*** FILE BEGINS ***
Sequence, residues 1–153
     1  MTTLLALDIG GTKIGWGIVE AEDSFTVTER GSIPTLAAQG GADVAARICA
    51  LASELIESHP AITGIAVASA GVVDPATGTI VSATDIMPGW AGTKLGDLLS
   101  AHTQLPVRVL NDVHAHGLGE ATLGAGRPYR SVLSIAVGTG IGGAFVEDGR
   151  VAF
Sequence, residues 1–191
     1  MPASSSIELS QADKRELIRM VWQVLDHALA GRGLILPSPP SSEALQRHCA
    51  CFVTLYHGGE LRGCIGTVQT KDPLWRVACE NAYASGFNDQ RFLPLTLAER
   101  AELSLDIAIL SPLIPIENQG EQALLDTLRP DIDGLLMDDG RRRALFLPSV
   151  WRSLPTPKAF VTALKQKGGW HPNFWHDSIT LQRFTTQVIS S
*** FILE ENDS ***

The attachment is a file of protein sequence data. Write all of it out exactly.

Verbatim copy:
Sequence, residues 1–153
     1  MTTLLALDIG GTKIGWGIVE AEDSFTVTER GSIPTLAAQG GADVAARICA
    51  LASELIESHP AITGIAVASA GVVDPATGTI VSATDIMPGW AGTKLGDLLS
   101  AHTQLPVRVL NDVHAHGLGE ATLGAGRPYR SVLSIAVGTG IGGAFVEDGR
   151  VAF
Sequence, residues 1–191
     1  MPASSSIELS QADKRELIRM VWQVLDHALA GRGLILPSPP SSEALQRHCA
    51  CFVTLYHGGE LRGCIGTVQT KDPLWRVACE NAYASGFNDQ RFLPLTLAER
   101  AELSLDIAIL SPLIPIENQG EQALLDTLRP DIDGLLMDDG RRRALFLPSV
   151  WRSLPTPKAF VTALKQKGGW HPNFWHDSIT LQRFTTQVIS S